by the sarge
 
bikentransit wrote:When NPT is done, how will riders from the Amtrak Keystone trains coming from Lancaster transfer to SEPTA trains to Suburban Station?
I know that questions were raised about the NPT readers accepting drivers licenses from other states for validating age for senior citizens. I assumed this would be no problem as every states ID has a barcode that uses universal data. I verified by scanned 22 different state drivers licenses using my phone with a free app and every one displayed the name of the person and age - so my assumption is now based on "if" SEPTA's system being able to read barcodes. If they do, I would hope that SEPTA's system could also be set up to recognize and read Amtrak's barcode. Considering that this is SEPTA and this may not be possible, I would then assume that Amtrak passengers who want to travel to the SS would have to go old school and stop by the SEPTA ticket window to get credit. Obviously this would only work when the ticket office is open.
  by Flyer78
 
Reading the barcode is the easy part -- as you said, you have a free app on your phone that can do that. The hard part is accessing the validation information from Amtrak, and [thinking like a SEPTA NPT planner] making sure Amtrak Rider I doesn't give his cancelled ticket to someone else to use as soon as they get off the train.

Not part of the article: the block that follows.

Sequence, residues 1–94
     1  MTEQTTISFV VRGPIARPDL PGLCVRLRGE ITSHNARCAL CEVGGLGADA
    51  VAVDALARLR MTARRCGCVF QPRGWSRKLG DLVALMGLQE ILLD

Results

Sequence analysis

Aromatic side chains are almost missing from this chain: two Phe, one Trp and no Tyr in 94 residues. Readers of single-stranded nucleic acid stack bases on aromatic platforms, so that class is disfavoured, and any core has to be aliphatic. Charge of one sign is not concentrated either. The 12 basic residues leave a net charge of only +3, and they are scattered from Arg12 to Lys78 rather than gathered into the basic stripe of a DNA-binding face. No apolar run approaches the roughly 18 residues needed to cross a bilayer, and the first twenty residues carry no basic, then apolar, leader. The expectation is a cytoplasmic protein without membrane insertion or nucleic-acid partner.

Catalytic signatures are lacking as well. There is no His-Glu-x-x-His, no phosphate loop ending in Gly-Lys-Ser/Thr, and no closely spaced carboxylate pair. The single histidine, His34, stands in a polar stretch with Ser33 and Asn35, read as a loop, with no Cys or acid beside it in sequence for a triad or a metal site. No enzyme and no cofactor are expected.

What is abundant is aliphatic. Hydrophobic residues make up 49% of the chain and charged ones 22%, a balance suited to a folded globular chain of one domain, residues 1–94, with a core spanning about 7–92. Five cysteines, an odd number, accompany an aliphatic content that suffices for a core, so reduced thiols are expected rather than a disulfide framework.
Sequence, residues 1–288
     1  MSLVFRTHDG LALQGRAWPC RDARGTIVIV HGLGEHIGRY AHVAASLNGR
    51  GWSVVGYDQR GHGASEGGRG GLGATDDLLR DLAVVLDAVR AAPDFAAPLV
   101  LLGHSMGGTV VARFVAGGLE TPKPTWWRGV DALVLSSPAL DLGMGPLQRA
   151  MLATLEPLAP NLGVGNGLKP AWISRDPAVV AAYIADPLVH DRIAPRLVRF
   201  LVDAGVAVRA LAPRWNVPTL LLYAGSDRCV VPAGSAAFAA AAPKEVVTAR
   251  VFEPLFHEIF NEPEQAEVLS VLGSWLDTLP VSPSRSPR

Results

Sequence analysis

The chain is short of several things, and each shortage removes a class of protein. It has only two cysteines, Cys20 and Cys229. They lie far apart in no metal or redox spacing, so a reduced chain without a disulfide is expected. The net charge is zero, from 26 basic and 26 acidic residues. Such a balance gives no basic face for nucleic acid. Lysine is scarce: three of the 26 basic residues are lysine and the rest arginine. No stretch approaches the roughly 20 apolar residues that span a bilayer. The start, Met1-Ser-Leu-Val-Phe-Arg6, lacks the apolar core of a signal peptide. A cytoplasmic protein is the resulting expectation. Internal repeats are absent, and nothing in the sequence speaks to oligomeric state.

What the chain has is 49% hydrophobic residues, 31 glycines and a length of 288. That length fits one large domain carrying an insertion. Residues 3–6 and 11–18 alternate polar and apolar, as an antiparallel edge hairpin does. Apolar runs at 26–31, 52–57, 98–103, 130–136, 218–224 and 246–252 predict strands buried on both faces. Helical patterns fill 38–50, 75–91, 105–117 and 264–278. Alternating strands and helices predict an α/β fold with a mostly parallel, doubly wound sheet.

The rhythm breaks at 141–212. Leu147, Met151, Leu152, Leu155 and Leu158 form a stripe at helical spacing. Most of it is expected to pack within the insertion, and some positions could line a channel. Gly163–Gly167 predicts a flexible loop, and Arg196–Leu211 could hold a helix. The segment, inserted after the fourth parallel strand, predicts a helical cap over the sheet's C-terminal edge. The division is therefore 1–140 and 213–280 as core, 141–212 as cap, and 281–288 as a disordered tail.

by bikentransit
 
Didn't SEPTA want to get away from bar codes? Otherwise, they could have used bar code tickets instead of this silly NPT concept, which still remains to be seen.
  by sammy2009
 
I heard a while ago through the grapevine that training for KEY starts in November. Maybe we will get a end of the year roll-out. I wonder what are the plans for the Railroad Division. I think most of the subway stops on the BSL (North) has them. Except for Spring Garden, Not sure about Erie , Race-Vine, North Philly....and The EL (Frankford Side) not sure about West Philly side....but i will say the gates are starting to pop up in a unexpected fashionably time frame.

The new gate at 40th St on the MFL ?
  by ChemiosMurphy
 
sammy2009 wrote:

The new gate at 40th St on the MFL ?
I didn't get a super good look at it, but it's on the inbound side and looks like a metrocard machine.
  by zebrasepta
 
New news about SEPTA Key
http://6abc.com/traffic/septa-cards-to- ... s/1041048/" onclick="window.open(this.href);return false;
PHILADELPHIA (WPVI) -- The way that hundreds of thousands of SEPTA customers pay for their ride is about to change.

The transit agency unveiled its "SEPTA Key" program, which will eventually replace tokens, cash and passes.

It will be used system-wide.

With older systems the money information is on the mag stripe. Just like cash: if you lose it, it's gone.

With SEPTA Key, the money information stays in a computer.

But, there have been some glitches.

"Some equipment has had trouble passing the reliability tests, I think they have a fix that now," said SEPTA GM Jeff Knuepel.

The hope is to move from the testing phase to customer use starting late this year or early next year.

It will be a slow rollout, says the man overseeing SEPTA Key.

"We're going to start out small scale and build over time to reduce the risk for the customers so they don't get disappointed," said Kevin O'Brien of SEPTA.

This is a program years in the making at a cost of $134 million.
  • 1
  • 3
  • 4
  • 5
  • 6
  • 7
  • 53